Public health

Top science accolade for tackling rheumatic heart disease


Paediatric infectious diseases physician Dr Andrew Steer is passionate about improving heart health, particularly among Indigenous Australians and in developing countries where rheumatic fever and rheumatic heart disease remain a significant public health concern.

Dr Steer, from the Murdoch Children’s Research Institute, and his Scabies Research Team were recently awarded a prestigious Eureka Prize for their efforts to combat the scourge of scabies.

The mite has long been linked to skin sores that, when infected by Group A streptococcus (GAS), can lead to more serious soft tissue and blood stream infections, kidney disease and, potentially, to rheumatic fever and rheumatic heart disease (RHD).

Until recently it was thought that only some of the 250 types of GAS were rheumatic – typically those linked to sore throats – but Dr Steer told the limbic that ‘textbook’ teaching based mostly on US research was now being challenged by research in Australia and the Pacific.

“The connection between the scabies and RHD comes from experience particularly in the Northern Territory where rheumatic fever and RHD is very common but where sore throat is not particularly common. What is, though, is a lot of GAS skin disease in those communities.”

“The situation is very different in tropical countries versus more temperate climates like the US. We’ve shown there are many different types of GAS found in patients with rheumatic fever and when you look at tropical climates you see types of GAS associated with rheumatic fever that are also associated with skin disease. My view is that probably any GAS can be rheumatic – it’s just a matter of where in the world you are sampling.”

Dr Steer’s early work in Fiji highlighted the huge burden of disease – about 20% of the population had scabies at any one time, increasing up to 40% for children in the first five years of school. He also reported a similar disease burden in the Southern province of the Solomon Islands and in Australia among remote Indigenous communities.

Those findings set him on a trajectory to reduce the heavy disease burden via mass drug administration.

“The concept of mass drug administration to interrupt transmission is really part of a broader neglected tropical disease movement – a series of strategies supported by the World Health Organization to control the impact of different diseases. So we thought about that kind of approach using the drug ivermectin.”

The oral drug is already widely used for a number of other parasitic diseases. Two billion doses of ivermectin have been given to people in Africa for the control of river blindness or onchocerciasis.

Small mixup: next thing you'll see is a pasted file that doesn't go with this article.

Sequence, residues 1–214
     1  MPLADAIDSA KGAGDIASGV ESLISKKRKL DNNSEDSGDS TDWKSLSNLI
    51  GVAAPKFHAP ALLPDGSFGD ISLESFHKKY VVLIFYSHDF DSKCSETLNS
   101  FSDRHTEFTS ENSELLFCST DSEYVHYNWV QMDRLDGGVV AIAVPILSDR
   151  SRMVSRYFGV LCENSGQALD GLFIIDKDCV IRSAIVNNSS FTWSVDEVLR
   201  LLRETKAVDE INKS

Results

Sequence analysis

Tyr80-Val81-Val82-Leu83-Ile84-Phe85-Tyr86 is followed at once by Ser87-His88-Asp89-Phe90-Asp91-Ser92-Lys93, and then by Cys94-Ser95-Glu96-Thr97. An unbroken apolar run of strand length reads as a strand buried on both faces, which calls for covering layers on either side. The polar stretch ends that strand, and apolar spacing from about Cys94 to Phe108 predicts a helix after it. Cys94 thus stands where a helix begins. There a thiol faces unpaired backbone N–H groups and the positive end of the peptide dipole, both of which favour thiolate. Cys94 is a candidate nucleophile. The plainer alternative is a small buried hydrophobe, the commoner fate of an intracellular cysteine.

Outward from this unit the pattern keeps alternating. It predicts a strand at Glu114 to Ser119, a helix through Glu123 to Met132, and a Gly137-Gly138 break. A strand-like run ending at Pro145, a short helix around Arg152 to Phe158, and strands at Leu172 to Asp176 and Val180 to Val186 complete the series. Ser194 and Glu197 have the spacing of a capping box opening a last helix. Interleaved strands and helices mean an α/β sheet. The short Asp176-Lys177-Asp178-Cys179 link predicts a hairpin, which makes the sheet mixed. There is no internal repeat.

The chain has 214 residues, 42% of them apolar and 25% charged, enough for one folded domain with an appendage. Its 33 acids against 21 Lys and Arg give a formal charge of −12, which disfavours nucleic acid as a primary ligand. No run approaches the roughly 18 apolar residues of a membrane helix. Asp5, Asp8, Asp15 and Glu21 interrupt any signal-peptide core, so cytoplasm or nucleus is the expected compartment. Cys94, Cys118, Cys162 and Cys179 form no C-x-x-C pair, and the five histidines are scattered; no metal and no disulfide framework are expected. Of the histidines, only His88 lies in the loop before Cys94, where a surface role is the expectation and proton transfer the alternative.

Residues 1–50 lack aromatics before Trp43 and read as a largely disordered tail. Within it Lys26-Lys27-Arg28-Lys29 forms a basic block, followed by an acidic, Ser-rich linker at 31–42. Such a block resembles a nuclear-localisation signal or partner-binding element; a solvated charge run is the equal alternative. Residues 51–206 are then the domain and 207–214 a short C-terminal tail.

From there the idea for the SHIFT (Skin Health for Intervention in Fiji) trial was borne. In the landmark trial, three Pacific Island groups were randomised to receive either mass administration of ivermectin, permethrin or standard care.

At baseline, all three communities had a disease prevalence of about 35%. At 12 months follow-up, prevalence had fallen by 50% with standard care, by 67% with permethrin, and by a dramatic 94% with invermectin.

“That was really exciting – essentially we showed that we could have high coverage that was feasible and effective and safe,” Dr Steer said.

But he said more work was needed to learn about ivermectin and the risk of resistance.

“Resistance to the drug in the scabies mite has been described but only in two patients in the NT. Those two patients had over 20 doses over a relatively short period of time and those were patients with a rare form of the disease called crusted scabies so we don’t envisage that it’s going to be a big issue but I think we do need to improve our efforts to monitor resistance.”

A similar trial, the Azithromycin Ivermectin Mass drug administration (AIM) trial, is underway in the Solomon Islands. Early findings suggest the approach can be rolled out on a larger scale (over 25,000 people) and is an effective and safe public health strategy when integrated with other mass drug administration programs.

Dr Steer said two separate NHMRC funded studies will establish whether one dose of ivermectin versus two yields better outcomes while another large study in collaboration with the Fiji Ministry of Health will investigate the impact of the intervention on the downstream complications of scabies such as rheumatic fever and RHD.

“This study will be really important to making a broader public health case for mass drug administration – if you control scabies you can also control these other diseases.”

“We should be aiming to eliminate scabies as a public health problem – that’s our aim. We still see occasional cases in more populated areas and we see outbreaks amongst residential communities like aged care facilities but it’s not a public health problem in major cities in Australia so what we are aiming to do is eliminate it using a simple, safe effective intervention in places where it’s endemic.”

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